In other cases, community or health advocacy organizations have launched counter-advertising campaigns using African American or Latino images and themes designed to counteract industry’s use of similar elements. In schools across the country, including many in big cities with high proportions of low-income students, parents and advocacy organizations are working to force food companies to end marketing of high-calorie low-nutrient foods within schools.30
In sum, public health campaigns to modify health damaging industry practices are a promising strategy for the primary prevention of health inequity. Using social justice and health equity as themes for community mobilization and policy change may help to bring new constituencies into the effort to reduce disparities.25
A Research and Policy Agenda
For researchers, considering corporate practices as a social determinant of health inequity raises many challenging questions:
- What is the differential impact of business practices such as product design, marketing, retail distribution and pricing on health disparities?
- How does the relative impact vary by health condition, industry and population characteristics?
- What is the attributable risk for business practices in producing health disparities? How do business practices compare to (and interact with) other determinants such as poverty, social hierarchy, and social stress?
- What policy and programmatic interventions are most effective in reducing the harmful impact of business practices?
- How do strategies for reducing harmful business practices compare in the preferential benefits they bring to disadvantaged groups?
- How do the business practices that contribute to health inequities in the United States and other developed nation compare to those operating in the global south?
By focusing attention on these and related questions, conducting systematic studies of the efficacy of various intervention strategies, and better documenting the many existing efforts to change industry practices, researchers and health professionals can bring evidence-based lessons to policymakers that would assist them in selecting policies to maximize the potential for the reduction of disparities.31
For policy makers and policy advocates, framing corporate practices that harm health as a cause of health inequity opens the door for new alliances among those working across industries, e.g., food, tobacco, and guns; across political levels, e.g., local, national and global; and across issues, e.g. corporate reform and responsibility, human rights, and consumer protection. Recent calls for the development of social movements to reduce disparities32 create opportunities for dialogue on these issues. To date, however, more attention ahs focused on public rather than corporate policies that contribute to disparities. By expanding our understanding of the causes and solutions to health inequities, public health advocates can help to move from description of disparities to action to end them.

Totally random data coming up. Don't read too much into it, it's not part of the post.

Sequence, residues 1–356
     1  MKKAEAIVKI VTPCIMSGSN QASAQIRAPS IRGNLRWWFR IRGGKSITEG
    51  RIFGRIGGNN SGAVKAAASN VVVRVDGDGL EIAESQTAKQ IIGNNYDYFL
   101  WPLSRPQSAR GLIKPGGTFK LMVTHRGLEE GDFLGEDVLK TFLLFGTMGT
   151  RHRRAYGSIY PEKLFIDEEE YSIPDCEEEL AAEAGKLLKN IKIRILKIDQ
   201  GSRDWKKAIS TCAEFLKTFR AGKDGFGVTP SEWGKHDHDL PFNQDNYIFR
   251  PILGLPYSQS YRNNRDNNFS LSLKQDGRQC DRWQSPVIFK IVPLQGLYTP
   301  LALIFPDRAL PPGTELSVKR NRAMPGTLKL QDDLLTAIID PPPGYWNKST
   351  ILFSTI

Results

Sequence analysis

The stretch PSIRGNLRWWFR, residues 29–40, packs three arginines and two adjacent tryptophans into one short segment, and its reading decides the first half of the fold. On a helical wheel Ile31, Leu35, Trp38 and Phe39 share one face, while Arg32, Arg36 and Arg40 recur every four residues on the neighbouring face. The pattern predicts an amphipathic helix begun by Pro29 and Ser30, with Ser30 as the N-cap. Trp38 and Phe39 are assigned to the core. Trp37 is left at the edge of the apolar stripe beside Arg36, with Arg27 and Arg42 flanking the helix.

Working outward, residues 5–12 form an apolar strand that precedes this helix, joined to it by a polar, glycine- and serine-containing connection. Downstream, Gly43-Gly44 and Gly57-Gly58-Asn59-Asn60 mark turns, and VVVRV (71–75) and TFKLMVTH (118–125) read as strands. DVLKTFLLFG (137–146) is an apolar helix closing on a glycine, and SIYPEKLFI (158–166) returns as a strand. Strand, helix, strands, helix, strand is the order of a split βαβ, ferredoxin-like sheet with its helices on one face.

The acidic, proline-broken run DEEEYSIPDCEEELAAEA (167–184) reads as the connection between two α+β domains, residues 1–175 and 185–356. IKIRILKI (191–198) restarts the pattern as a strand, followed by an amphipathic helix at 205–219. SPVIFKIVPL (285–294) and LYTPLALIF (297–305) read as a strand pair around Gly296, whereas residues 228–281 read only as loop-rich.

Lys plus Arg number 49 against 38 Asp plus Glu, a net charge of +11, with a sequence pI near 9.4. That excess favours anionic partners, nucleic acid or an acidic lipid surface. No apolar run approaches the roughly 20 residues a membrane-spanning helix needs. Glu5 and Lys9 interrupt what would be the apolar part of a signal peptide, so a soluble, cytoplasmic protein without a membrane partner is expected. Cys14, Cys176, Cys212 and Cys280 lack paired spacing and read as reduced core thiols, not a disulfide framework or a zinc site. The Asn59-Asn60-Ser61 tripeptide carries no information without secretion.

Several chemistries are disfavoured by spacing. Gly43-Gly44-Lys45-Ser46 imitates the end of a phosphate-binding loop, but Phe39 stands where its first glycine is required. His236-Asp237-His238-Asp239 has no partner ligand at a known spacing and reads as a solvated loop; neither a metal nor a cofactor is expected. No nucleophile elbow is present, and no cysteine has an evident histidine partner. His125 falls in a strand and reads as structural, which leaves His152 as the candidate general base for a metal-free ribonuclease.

Nicholas Freudenberg is fonder and Director of Corporations and Health Watch and Distinguished Professor of Public Heath at Hunter College, City University of New York.
1. Freudenberg N. Public health advocacy to change corporate practices: implications for health education practice and research. Health Educ Behav. 2005;32(3):298-319.
2. Freudenberg N, Galea S. The impact of corporate practices on health: implications for health policy. J Public Health Policy. 2008;29(1):86-104.
3. Gardiner PS. The African Americanization of menthol cigarette use in the United States. Nicotine Tob Res. 2004; 6 Suppl 1:S55-65.
4. Garten S, Falkner RV. Continual smoking of mentholated cigarettes may mask the early warning symptoms of respiratory disease. Prev Med. 2003;37(4):291-6.
5. Richardson TL. African-American smokers and cancers of the lung and of the upper respiratory and digestive tracts. Is menthol part of the puzzle? West J Med. 1997;166(3):189-94.
6. Wackowski O, Delnevo CD. Menthol cigarettes and indicators of tobacco dependence among adolescents. Addict Behav. 2007;32(9):1964-9.
7. Time to reclassify malt liquor and flavored malt beverages as a distilled spirit? Available athttp://www.corporationsandhealth.org/malt_liquor_product_profile.php
8. Moore DJ, Williams JD, Qualls WJ. Target marketing of tobacco and alcohol-related products to ethnic minority groups in the United States. Ethn Dis. 1996; 6(1-2):83-98.
9. Alaniz ML. Alcohol availability and targeted advertising in racial/ethnic minority communities. Alcohol Health Res World. 1998;22(4):286-9.